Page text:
Family doesn’t lay you off

I have five living kids at home, and the comments I get from strangers when they first hear this is telling. If someone tells me “That’s awesome,” or “Sounds like a beautiful family,” they are most likely Catholic or Muslim. But that’s not most people. Most of the time I get asked “You know how babies are made, right?” or “Sheesh, did you run out of condoms?”

I’m not sure when it became weird to have large families, or actually like having kids, but its painfully obvious that we have oriented our culture around mostly childless people. When I see ads for Disney parks, they feature young or old couples, and typically at least one gay couple. But there are more gay couples than kids in these commercials now. Disney, a theme park once totally oriented for children, is quickly becoming a childless playground.

Everywhere the advantage of childlessness is touted. People with large families are bad for the environment. We are made to suffer through inflation, because it’s harder to feed our kids when the price of eggs quadruples due to bad monetary policy. And try going to Disney, or fly to Hawaii, or get a hotel to provide you two rooms next to each other to accommodate your large family, because you’ll often get little to no sympathy or help.

The big advantage of family finally became apparent to me this last week. Almost 4 years ago, the Navy accused me of a crime I didn’t commit. I provided all the evidence to show this, but the investigator, a corrupt official in the Defense Department’s Investigator General, wrote a biased report to try and punish me. I’ve had to defend myself at a Court Martial, an Article 15 proceeding, and this last week at a Board of Inquiry, which finally found me 100% innocent of all charges. During this process though, I watched many people that I served with abandon me. The Navy went from telling me I was one of their best officers, to “You’re horrible scum,” to now saying “Hey, since you’re innocent we have this great assignment to get you back on track!”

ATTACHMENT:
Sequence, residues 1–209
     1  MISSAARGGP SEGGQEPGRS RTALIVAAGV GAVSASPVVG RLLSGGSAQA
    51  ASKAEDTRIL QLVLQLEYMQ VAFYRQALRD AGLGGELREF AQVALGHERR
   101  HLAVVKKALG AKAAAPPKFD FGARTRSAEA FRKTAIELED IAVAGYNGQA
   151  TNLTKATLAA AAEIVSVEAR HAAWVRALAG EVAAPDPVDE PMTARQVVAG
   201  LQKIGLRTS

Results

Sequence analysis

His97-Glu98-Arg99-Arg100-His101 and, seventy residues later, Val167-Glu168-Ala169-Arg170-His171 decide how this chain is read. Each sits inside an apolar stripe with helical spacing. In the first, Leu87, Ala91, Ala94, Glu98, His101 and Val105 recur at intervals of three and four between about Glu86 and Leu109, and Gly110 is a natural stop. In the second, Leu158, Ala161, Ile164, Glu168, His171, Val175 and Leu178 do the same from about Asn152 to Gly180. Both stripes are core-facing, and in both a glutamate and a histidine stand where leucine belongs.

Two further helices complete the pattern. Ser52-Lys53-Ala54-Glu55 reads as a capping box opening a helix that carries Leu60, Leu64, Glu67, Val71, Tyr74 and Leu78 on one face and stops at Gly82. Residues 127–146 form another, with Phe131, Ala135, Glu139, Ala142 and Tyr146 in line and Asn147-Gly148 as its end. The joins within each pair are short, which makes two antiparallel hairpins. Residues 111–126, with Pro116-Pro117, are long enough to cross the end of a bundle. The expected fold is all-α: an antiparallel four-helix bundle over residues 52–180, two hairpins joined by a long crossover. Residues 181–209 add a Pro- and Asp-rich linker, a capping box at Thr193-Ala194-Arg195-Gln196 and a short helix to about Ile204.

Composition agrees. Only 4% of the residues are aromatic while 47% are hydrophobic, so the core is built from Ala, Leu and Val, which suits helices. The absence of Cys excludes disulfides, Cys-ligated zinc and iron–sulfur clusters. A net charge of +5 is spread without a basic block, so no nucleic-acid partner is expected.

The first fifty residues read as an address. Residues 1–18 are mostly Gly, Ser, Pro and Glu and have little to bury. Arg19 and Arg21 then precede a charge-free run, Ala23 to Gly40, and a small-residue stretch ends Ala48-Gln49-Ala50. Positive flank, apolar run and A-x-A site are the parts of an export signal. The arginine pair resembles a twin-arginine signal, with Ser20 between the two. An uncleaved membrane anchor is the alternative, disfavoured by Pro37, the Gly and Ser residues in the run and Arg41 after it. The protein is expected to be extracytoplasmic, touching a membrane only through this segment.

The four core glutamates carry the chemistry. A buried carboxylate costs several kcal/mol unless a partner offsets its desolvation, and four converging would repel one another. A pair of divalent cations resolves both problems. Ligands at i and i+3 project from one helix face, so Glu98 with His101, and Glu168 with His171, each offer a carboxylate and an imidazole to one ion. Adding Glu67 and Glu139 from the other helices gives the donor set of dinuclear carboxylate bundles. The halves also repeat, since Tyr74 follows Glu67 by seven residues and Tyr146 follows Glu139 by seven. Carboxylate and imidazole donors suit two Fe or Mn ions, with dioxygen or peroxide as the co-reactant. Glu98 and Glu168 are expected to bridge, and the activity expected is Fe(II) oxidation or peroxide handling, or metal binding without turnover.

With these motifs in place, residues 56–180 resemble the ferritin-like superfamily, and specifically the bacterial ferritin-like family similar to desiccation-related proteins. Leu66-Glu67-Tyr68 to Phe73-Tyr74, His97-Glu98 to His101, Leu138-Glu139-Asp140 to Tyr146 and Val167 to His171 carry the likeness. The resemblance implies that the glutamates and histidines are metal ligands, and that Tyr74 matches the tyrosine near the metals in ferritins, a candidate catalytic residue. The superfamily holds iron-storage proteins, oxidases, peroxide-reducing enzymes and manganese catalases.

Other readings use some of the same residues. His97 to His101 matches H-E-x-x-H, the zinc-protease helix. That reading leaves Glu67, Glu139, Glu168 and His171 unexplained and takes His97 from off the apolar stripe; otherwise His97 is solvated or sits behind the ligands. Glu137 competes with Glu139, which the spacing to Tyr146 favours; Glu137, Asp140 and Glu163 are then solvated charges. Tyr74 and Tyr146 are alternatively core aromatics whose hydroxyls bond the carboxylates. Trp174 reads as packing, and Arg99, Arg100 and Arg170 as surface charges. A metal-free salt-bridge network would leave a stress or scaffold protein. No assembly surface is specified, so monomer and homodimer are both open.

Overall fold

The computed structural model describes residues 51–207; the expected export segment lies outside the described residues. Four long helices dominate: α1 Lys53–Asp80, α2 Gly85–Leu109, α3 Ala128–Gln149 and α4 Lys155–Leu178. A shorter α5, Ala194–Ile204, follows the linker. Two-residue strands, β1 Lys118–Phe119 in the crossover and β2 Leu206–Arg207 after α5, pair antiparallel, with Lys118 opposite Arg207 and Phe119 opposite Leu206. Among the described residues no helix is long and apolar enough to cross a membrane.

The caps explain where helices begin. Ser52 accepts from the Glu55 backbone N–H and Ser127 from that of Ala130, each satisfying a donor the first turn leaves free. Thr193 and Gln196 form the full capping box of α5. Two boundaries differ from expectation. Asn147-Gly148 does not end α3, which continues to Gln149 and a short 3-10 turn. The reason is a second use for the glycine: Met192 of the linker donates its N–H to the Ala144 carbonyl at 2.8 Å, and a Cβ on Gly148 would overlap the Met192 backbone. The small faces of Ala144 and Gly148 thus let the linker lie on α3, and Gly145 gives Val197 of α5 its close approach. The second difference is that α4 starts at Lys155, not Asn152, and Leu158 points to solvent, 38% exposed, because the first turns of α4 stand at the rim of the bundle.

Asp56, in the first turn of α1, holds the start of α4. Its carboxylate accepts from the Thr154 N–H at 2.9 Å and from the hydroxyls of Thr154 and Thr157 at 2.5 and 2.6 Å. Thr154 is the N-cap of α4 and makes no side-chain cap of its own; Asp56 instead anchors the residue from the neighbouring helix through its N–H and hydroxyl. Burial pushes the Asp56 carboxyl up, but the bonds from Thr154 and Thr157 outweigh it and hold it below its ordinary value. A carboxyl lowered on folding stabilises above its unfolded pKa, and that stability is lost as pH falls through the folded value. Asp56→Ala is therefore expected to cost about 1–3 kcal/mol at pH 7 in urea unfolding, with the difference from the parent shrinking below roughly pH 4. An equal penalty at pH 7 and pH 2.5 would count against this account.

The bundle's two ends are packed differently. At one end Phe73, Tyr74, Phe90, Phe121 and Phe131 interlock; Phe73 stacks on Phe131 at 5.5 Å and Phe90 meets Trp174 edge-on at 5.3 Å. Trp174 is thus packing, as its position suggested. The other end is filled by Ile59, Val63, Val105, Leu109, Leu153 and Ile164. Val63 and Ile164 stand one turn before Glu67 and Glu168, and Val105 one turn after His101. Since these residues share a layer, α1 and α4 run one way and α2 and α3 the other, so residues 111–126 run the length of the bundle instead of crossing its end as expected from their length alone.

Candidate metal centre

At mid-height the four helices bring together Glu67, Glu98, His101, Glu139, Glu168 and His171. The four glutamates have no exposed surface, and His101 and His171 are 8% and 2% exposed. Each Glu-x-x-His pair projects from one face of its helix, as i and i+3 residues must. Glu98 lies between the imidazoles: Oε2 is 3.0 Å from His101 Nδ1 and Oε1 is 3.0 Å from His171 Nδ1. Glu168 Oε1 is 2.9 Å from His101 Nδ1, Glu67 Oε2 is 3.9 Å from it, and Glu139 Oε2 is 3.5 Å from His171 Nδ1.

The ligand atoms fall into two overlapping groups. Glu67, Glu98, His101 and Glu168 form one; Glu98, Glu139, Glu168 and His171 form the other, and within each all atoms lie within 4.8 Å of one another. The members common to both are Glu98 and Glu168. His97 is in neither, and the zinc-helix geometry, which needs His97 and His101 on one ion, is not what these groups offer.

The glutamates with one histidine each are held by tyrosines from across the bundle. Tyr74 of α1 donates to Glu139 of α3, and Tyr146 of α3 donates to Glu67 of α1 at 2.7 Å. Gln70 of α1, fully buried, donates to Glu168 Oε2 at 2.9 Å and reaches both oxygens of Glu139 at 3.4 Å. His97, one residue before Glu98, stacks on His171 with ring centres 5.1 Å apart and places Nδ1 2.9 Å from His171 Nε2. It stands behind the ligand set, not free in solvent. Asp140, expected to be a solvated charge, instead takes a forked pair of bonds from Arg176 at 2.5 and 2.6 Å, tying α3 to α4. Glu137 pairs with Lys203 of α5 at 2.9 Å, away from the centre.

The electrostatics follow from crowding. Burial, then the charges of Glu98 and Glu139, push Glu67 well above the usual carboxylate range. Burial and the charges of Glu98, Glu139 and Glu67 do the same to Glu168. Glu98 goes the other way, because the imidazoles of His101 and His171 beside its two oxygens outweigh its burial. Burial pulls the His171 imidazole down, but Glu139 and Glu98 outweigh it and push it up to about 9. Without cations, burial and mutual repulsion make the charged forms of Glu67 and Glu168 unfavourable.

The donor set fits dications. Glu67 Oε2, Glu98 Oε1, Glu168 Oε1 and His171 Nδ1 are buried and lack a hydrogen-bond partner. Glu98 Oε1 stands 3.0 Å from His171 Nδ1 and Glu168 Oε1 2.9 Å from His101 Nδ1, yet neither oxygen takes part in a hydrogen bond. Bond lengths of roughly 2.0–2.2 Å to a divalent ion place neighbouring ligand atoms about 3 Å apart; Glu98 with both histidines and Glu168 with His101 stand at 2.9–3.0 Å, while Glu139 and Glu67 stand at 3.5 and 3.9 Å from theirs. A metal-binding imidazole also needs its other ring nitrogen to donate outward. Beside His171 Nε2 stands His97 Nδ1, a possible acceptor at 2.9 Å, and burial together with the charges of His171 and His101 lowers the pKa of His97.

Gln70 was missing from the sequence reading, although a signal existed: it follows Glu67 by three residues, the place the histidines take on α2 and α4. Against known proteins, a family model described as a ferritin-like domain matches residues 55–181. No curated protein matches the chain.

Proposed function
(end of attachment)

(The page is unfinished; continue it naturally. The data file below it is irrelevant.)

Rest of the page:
Honestly, it’s pathetic. I was reminded every day of how fickle people and organizations are. I have read plenty of articles about people getting cancelled at work because someone made an accusation, but now I actually lived it.

The one constant I had during this process was family. Every time I came home after receiving bad news, I had a wife and kids that still loved me, still believed in me, and encouraged me to take on the next challenge. While the true friends I have were encouraging, it really was family that kept me going. It makes me feel bad for the childless couples out there, because as I see companies laying people off, I wonder “Who do they turn to?”

It’s telling that the same government that makes it difficult to have large families is the same government that wants you to worship it, make it your religion, and then cancel and kick you out once you are no longer useful. I’ll write more about the whole process later, but for now, I’ll be having dinner tonight with the best group of people I know.

This post represents the views of the author and not those of the Department of Defense, Department of the Navy, or any other government agency. Because honestly, after multiple years of serving, I have no idea what their views on darn near anything are.

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